@kragen You'd likely have to undermine their business model.
On the positive side, this is a dynamic which can be used to play megacorps (and possibly other interests) off one another.
That notion goes back to IBM's Earthquake Memo, ~1998.
I'm not sure if you were at the LinuxWorld Expo where copies of that were being shown around, probably 1999, NYC.
Tim O'Reilly wrote on that in Open Sources.
@dredmorbius @zardoz @kick @enkiv2 @freakazoid I think it goes back longer than that; IIRC Gumby commented on the fsb list in the mid-1990s that he wasn't worried about other companies contributing code to GCC and GDB because Cygnus could then turn around and sell the improved versions to Cygnus's customers. Of course those customers could get the software without paying, but they found Cygnus's offering valuable enough to pay for, and competitors' contributions just increased that value.
@dredmorbius @zardoz @kick @enkiv2 @freakazoid the big insight Tim had, which took the rest of us a while to appreciate, was how this gave new market power to companies that own piles of data, like Google or the ACM or Knight Capital. And now we have AWS and Azure and Samsung capturing a big part of the value from free software instead.
@kragen Weinsteinomics 101: Monopoly is fundamentally a control dynamic, not a marketshare proposition
...Harvey Weinstein and the Economics of Consent by Brit Marling is one of the more significant economics articles of the past decade, though I'm not sure Ms. Marling recognises this. In it, she clearly articulates the dynamics of power, and re-establishes the element of control so critical to understanding monopoly...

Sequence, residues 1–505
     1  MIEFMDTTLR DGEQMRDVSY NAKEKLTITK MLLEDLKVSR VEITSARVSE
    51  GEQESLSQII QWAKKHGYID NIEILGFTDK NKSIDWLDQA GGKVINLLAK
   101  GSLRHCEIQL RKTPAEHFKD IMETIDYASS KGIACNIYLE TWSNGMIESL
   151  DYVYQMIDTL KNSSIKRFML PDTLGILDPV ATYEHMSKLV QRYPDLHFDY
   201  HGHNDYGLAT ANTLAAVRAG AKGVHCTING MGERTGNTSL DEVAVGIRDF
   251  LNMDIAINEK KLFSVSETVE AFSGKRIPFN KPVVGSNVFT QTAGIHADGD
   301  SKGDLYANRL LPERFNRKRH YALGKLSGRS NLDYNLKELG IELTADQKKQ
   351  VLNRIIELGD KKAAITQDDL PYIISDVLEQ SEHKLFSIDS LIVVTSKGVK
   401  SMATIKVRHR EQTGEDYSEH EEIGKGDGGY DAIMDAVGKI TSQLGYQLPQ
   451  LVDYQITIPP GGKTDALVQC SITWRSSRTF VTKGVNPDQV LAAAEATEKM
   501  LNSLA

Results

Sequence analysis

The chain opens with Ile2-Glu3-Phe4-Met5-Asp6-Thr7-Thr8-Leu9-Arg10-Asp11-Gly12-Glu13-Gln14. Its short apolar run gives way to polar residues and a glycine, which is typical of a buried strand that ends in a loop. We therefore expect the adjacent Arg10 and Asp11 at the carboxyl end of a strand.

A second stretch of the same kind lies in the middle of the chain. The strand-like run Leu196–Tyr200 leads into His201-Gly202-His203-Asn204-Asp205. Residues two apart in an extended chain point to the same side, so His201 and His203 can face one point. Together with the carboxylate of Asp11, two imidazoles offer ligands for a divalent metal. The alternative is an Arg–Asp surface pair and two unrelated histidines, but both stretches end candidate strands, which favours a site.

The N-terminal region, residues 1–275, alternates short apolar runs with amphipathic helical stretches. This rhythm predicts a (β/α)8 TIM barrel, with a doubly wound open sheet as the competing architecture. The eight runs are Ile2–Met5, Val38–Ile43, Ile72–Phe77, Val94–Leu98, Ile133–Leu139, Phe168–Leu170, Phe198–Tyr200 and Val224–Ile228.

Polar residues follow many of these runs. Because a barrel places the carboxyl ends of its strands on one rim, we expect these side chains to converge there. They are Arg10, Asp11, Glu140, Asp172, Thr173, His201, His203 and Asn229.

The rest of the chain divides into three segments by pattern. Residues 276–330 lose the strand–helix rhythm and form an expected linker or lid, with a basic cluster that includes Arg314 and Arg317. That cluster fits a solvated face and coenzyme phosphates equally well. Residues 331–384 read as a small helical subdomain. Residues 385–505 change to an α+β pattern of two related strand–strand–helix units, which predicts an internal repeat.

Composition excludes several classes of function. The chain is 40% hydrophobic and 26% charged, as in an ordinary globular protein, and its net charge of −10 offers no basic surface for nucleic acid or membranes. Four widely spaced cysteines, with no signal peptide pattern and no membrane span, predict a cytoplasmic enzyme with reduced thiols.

@stman @kick @zardoz @enkiv2 @dredmorbius @freakazoid there's a certain amount of backstabbing and plotting going on, yeah, but ultimately it's kind of futile; you can cut every flower but you cannot stop the spring. And what we have to face today is really tame compared to what, say, MLK Jr. or Solzhenitsyn faced, much less Spinoza or Galileo.
@stman @kick @zardoz @enkiv2 @dredmorbius @freakazoid I hope your results are correct! The further you stray from well-explored knowledge, the easier it is to spend years working on ideas that turn out to be wrong, in the end. The other day I was reading Gerard 't Hooft's wonderful page, "How to be a BAD Theoretical Physicist," and couldn't help but think of some episodes from my own childhood..
I think I have managed to put cyber-chaos into equation and find its root causes, and now know how to fight it, and how to elaborate digital architecture that don't generate paradox with the meatspace.
@theruran has been following this work, and I think he can testify that some milestones were clearly reached.
But as said before, it will be impossible for me, right now, to resume you all the topics we've been discussing and studying.
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